Roughly two weeks after the embryo has been implanted, a blood test can determine if the woman is pregnant. If the transfer was a success, the woman will continue taking medications for up to five weeks to maintain the pregnancy, which will be monitored through blood tests and ultrasounds. Once the new pregnancy has been confirmed and monitored, the woman can then transfer her care to her OB/GYN.
If a frozen embryo transfer does not succeed (does not result in pregnancy), the woman or couple can try again with any remaining donated embryos. Following a successful pregnancy, the remaining donated embryos may also be used in subsequent transfers if the couple desires more children.
Benefits of embryo donation
- Compared to traditional adoption, embryo donation has the benefit of allowing the recipient individual or couple to experience pregnancy and control the pregnancy environment.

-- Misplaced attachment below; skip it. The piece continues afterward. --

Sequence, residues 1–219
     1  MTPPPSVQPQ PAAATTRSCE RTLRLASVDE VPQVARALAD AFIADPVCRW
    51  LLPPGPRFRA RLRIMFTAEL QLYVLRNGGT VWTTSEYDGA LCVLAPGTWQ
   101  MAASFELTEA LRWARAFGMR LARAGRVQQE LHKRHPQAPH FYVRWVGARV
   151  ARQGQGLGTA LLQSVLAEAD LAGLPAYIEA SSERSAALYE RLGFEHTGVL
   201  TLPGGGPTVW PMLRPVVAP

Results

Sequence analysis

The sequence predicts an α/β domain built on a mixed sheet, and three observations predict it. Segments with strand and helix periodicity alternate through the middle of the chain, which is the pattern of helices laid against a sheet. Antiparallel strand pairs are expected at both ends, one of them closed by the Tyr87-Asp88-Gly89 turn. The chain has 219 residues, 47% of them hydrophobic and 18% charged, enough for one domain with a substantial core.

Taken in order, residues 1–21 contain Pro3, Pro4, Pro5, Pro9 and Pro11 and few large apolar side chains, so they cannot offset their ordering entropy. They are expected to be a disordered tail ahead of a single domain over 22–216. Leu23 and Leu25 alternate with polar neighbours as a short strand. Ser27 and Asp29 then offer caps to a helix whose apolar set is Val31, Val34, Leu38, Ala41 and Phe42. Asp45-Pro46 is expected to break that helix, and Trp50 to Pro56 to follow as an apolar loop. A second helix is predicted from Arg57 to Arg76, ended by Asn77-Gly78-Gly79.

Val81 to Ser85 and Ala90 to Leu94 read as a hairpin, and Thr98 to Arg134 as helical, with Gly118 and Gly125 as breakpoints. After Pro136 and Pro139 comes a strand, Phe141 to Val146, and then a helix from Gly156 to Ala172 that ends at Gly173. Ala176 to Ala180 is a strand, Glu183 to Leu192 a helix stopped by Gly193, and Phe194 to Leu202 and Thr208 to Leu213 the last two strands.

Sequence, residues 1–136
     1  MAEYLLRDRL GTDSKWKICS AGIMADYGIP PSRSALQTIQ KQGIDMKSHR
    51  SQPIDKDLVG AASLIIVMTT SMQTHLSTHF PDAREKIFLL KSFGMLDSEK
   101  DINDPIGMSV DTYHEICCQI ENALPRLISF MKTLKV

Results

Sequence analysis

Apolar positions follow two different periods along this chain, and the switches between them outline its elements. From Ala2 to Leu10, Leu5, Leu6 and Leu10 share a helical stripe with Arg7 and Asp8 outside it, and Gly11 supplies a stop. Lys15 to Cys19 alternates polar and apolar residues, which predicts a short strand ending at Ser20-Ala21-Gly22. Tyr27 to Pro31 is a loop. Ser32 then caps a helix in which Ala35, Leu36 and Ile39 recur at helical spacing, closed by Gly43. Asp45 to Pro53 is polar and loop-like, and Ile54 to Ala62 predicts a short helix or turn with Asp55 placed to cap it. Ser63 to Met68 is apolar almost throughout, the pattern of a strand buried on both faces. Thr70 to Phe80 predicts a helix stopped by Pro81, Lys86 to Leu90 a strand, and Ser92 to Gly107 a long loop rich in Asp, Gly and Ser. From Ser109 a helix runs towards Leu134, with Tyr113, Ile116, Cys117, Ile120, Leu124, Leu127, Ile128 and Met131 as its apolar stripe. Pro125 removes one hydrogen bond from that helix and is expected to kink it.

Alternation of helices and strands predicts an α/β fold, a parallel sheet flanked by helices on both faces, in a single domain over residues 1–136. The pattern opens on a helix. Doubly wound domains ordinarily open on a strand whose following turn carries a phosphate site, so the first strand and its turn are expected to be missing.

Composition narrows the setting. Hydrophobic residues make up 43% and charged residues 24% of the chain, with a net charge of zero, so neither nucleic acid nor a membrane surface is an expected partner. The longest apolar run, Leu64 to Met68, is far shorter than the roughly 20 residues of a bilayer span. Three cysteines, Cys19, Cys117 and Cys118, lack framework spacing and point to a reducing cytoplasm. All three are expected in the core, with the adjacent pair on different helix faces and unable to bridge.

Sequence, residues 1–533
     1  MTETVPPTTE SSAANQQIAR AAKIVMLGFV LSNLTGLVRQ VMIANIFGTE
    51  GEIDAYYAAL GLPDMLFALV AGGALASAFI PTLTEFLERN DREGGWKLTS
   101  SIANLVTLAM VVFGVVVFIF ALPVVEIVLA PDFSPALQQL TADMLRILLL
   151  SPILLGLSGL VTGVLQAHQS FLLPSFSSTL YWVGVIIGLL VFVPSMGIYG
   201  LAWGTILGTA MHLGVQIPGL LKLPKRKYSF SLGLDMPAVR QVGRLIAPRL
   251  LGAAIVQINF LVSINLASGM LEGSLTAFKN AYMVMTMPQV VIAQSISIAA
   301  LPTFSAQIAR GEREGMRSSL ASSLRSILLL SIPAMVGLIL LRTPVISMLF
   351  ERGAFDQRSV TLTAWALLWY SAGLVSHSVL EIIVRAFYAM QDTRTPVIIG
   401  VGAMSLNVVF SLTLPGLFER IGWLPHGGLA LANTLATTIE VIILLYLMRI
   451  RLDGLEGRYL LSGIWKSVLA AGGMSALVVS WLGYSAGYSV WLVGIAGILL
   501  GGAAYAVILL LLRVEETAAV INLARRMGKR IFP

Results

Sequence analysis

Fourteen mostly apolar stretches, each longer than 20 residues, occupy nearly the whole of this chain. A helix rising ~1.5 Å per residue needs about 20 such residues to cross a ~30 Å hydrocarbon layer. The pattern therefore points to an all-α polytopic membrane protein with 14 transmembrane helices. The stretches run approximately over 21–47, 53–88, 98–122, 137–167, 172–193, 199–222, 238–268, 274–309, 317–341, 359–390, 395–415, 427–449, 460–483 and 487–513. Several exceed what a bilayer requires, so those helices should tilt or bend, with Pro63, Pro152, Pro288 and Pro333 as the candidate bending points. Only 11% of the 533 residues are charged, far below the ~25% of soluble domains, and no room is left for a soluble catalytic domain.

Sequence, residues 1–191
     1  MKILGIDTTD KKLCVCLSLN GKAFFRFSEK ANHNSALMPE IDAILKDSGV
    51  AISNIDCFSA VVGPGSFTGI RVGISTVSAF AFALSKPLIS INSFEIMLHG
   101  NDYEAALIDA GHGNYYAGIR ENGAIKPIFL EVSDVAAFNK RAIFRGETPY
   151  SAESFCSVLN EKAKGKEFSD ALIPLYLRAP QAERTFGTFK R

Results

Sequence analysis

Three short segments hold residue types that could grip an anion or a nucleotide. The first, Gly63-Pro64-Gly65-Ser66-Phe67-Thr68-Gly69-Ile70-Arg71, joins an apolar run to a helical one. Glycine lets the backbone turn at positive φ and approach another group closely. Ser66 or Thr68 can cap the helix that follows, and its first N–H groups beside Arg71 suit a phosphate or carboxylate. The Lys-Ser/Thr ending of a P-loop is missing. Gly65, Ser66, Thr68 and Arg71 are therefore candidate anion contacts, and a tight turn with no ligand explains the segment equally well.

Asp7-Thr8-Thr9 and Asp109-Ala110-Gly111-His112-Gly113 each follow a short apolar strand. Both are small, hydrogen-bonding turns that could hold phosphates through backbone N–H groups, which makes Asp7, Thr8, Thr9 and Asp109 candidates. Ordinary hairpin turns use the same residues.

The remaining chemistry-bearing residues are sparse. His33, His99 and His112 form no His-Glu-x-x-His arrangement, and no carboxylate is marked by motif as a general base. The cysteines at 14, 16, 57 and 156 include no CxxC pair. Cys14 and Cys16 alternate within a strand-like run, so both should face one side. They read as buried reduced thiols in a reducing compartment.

- Compared to other methods of third party reproduction, such as egg donation and surrogacy, embryo donation is generally much more affordable. Treatment costs are similar to the cost of a frozen embryo transfer cycle.
- Embryos are not purchased, they are donated; therefore the only costs involved are those of treatment and administrative costs to conduct the cycle.
Risks of embryo donation
Embryo donation involves the transfer of another person’s tissue, presenting a theoretical risk of contracting an infectious disease. To date, however, no documented infectious diseases have been transmitted by way of embryo donation.
Other risks of embryo donation include:
- Embryos may not be viable
- For all IVF procedures, including those using donated embryos, the risk of ectopic (tubal) pregnancy is 2-4 percent.
- Multiple pregnancy (twins, triplets, or quadruplets) may result in premature labor, increased incidence of birth defects, diabetes during pregnancy, and/or increased blood pressure during pregnancy.
If you are interested in donating embryos or receiving donated embryos, please contact TRM to schedule a consultation with a physician.